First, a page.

“The Coventry Carol” was often referenced by my English stepfather. A bleak carol, it tells of the slaughter of the Jewish newborns by King Herod, who feared that the prophesied king would usurp his crown. First performed at the Shearmen and Tailors’ Christmas pageant in the 16th century, it is sung as a lullaby from the perspective of one of the slaughtered children’s mothers. It is hard to imagine a piece more steeped in tragedy, as it wasn’t until December 1940 that it was brought to a larger audience. A performance of it, in the bombed ruins of the city’s cathedral, was recorded for the BBC Empire Christmas broadcast.
This is an anomaly in an otherwise bright English Christmas lineup. Not so, however, in France. I found most of the French carols suggested by the priest and choirmaster at our church to be quite dour. They seemed incongruous alongside the other carols, which were French adaptations of English carols. My qualm about this gave way to an interesting exchange with him. As a compromise, the priest agreed to ask the organist to play the carols at a quicker pace to avoid them sounding, as my stepfather quipped, “like dirges”.
Ten Christmases ago, he sang a solo of one of the happier-sounding French carols, “Minuit, Chrétiens” (known in English as “O Holy Night”). The lyrics were written by a Jewish Socialist, Placide Cappeau, but the song is neither political nor contrary to the spirit of Catholicism.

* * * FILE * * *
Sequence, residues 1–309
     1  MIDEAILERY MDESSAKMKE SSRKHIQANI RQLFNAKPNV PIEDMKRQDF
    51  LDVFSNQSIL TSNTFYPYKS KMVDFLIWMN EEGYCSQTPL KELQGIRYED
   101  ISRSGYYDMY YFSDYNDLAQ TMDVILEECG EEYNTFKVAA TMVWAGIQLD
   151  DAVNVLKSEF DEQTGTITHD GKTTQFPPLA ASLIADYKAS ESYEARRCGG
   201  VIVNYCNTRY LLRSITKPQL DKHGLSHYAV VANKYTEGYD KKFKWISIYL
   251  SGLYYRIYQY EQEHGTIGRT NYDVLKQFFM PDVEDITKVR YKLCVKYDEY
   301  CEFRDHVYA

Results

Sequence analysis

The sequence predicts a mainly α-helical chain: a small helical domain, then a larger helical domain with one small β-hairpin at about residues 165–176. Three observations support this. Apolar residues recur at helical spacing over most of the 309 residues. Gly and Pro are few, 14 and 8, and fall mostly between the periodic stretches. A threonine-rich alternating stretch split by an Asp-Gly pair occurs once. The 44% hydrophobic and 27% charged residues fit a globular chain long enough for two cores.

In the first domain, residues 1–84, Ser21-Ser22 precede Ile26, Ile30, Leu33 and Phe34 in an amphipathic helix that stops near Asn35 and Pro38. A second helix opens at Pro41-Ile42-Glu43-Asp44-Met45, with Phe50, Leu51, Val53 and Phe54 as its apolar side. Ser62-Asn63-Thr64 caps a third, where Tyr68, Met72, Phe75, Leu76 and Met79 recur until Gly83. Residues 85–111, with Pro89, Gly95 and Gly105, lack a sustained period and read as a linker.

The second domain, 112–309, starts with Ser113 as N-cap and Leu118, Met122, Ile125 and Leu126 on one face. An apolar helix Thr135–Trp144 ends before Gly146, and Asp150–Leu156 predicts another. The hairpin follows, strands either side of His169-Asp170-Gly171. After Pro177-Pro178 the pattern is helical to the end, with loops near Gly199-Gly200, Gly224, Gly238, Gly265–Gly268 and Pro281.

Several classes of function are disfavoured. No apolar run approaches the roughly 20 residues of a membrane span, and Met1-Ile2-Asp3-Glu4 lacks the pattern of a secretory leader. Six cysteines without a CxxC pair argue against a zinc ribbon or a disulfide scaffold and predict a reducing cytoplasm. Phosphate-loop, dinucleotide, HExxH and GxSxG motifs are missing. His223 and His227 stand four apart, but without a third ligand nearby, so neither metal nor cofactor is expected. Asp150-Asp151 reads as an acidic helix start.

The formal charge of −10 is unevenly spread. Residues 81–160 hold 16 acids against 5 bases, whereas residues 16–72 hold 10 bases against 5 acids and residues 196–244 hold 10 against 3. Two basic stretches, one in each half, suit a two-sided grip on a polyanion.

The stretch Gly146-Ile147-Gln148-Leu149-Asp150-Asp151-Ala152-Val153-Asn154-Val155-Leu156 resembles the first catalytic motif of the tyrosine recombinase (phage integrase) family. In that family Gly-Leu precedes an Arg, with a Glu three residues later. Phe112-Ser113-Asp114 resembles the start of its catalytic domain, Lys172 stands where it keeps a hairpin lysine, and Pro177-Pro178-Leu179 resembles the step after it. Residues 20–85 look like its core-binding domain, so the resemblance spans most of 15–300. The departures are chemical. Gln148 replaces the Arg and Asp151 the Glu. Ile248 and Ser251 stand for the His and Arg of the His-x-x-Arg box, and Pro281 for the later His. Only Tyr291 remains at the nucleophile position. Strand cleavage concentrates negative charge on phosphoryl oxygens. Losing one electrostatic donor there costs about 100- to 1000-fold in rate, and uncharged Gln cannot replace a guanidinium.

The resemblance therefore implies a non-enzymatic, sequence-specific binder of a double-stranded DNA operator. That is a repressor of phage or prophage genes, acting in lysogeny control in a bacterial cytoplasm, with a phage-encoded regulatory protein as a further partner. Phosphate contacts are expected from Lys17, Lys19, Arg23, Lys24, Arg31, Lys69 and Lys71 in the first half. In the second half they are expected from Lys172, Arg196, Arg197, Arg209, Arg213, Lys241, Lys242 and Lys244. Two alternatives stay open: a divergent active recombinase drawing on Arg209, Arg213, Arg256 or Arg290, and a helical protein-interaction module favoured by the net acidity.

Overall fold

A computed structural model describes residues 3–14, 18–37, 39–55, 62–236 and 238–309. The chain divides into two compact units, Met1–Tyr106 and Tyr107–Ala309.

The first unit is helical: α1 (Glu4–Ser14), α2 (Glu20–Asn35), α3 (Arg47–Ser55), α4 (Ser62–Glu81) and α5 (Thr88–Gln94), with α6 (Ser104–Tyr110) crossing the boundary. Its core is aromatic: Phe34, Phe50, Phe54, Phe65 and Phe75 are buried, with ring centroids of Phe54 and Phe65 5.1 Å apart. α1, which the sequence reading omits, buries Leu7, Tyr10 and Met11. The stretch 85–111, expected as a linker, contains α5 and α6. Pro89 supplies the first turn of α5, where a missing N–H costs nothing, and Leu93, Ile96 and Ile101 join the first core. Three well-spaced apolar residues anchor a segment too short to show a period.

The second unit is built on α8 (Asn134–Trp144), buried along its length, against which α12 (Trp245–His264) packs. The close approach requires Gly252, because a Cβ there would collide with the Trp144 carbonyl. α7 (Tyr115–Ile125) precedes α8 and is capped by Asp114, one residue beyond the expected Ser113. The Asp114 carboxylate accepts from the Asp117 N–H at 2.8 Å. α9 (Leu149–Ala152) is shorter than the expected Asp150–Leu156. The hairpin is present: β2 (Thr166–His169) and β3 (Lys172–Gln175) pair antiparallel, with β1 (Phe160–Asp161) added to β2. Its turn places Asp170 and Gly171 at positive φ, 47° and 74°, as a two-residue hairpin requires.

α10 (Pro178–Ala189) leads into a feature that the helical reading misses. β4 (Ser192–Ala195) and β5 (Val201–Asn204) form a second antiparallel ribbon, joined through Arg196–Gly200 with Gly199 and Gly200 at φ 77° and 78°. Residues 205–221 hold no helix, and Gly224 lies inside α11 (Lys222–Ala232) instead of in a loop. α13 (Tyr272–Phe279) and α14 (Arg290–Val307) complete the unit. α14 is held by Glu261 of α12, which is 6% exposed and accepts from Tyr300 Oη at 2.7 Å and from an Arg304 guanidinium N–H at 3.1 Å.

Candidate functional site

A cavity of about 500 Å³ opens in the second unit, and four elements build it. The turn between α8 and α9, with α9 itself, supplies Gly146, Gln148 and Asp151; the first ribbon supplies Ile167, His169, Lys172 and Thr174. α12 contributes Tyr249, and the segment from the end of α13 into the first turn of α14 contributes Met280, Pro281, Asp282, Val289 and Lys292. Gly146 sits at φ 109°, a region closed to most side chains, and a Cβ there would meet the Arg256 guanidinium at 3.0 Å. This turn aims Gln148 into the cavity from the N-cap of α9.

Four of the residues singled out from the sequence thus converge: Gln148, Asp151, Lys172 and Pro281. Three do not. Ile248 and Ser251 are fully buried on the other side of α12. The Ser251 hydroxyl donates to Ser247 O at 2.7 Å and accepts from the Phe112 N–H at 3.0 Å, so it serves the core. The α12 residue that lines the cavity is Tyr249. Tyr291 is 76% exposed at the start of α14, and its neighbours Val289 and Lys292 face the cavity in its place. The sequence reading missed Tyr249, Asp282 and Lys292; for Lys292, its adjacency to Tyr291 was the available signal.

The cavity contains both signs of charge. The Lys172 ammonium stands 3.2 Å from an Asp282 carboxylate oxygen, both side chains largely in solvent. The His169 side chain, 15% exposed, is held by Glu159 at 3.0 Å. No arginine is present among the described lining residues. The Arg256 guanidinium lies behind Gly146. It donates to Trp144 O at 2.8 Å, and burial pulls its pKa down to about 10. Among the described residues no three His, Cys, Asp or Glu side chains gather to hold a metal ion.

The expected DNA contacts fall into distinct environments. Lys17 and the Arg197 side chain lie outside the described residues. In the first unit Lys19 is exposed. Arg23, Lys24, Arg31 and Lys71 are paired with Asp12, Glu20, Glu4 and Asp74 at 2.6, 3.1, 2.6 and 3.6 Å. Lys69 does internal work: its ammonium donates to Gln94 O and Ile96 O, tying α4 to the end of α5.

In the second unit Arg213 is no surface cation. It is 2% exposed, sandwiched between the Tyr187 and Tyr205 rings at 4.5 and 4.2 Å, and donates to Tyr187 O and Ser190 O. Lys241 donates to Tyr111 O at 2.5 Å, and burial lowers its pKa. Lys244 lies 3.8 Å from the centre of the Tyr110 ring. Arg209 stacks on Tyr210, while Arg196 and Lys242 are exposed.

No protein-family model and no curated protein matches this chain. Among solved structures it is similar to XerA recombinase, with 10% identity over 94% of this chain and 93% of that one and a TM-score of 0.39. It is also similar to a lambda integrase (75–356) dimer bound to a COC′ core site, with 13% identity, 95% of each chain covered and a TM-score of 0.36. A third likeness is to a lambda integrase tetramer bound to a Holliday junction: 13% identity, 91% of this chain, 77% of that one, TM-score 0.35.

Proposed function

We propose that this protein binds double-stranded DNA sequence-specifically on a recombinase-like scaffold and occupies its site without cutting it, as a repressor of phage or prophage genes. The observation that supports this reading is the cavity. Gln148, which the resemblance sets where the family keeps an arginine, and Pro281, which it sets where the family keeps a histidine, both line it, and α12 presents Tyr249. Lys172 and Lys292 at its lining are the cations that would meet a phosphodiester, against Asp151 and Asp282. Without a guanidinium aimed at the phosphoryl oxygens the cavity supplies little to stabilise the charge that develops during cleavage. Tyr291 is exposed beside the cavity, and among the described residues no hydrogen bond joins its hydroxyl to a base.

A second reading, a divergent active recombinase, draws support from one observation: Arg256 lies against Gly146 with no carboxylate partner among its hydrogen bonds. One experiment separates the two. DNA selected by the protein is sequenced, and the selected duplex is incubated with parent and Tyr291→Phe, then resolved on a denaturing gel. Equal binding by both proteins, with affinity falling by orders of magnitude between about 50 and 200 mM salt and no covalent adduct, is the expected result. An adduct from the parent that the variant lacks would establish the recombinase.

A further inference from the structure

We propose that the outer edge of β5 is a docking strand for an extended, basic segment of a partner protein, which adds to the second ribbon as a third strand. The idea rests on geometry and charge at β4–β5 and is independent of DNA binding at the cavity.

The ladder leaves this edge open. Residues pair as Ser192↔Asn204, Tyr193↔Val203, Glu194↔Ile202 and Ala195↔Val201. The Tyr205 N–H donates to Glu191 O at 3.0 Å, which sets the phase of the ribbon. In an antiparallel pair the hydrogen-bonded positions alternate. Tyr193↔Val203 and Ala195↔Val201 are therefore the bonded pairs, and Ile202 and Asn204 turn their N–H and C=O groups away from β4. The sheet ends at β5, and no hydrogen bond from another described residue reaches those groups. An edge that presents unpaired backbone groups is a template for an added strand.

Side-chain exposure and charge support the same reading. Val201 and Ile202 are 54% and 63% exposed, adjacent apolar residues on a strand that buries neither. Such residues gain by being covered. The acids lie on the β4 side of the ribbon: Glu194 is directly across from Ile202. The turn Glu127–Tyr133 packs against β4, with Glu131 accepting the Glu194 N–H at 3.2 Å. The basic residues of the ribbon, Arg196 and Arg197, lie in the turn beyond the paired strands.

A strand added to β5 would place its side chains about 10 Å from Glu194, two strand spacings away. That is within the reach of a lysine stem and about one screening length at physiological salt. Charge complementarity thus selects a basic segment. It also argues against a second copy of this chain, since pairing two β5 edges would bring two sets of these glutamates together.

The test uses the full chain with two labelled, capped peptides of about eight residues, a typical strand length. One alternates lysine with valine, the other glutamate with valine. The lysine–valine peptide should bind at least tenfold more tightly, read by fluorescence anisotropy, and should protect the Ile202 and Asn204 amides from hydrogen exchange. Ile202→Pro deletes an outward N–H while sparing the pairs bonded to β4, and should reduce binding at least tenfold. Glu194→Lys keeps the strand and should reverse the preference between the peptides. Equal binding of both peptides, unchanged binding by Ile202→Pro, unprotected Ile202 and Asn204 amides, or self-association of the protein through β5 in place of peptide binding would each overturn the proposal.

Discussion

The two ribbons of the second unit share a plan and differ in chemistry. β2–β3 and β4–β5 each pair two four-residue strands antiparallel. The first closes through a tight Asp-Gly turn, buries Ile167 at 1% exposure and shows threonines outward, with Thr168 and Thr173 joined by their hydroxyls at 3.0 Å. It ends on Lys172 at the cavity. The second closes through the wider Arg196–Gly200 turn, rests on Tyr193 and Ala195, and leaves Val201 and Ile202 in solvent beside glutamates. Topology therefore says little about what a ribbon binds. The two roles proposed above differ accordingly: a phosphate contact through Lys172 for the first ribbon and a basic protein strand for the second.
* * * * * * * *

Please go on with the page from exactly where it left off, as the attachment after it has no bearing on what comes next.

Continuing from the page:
Yet, Cappeau’s religious and political affiliations brought on a nationwide ban on the song instored by the French Catholic Church. Though ban was eventually repealed in light of the song’s lasting popularity, it made evident the rampant propagation of anti-Semitism and hatred of “Judeo-bolchevism” within the Church. Under Maréchal Philippe Pétain and his Vichy Régime, the French government under Nazi occupation from 1940 to 1944, these principles became law, encouraged by alliances with the Catholic Church. They were reinforced when France began collaborating in the Holocaust in 1942. The Vichy government was dismantled during the Liberation of France, which freed towns such as Flers.
Faced with the pre-apocalyptic atmosphere, provoked by the state of affairs between the Unites States and the USSR, many artists pleaded for peace. The former French soldier Noel Regney wrote a piece entitled “Do You Hear What I Hear?.” Loosely based on the Nativity, it became a Christmas standard after being covered by Bing Crosby, Mahalia Jackson, and Bob Dylan, among others.
Nearing the end of my walk, I mused on the stories behind these carols, why they matter, and how those who sing them become historians and history-makers in their own right. Christmas carols are synonymous with peace, but many have emerged from war and despair. They make up the mosaic which every writer can explore and which, far from ever being understood, presents itself each year as more and more of a mystery.
No matter your belief, Christmas is acknowledgement of mystery, in all of its tragedy, but perhaps more importantly in its beauty.
And then I made for the bookstore, only to find the door locked. But the woman who works there let me in, anyway, in spite of it being her lunch break.
I thanked her, and began to rifle through the shelves in search of a Christmas present.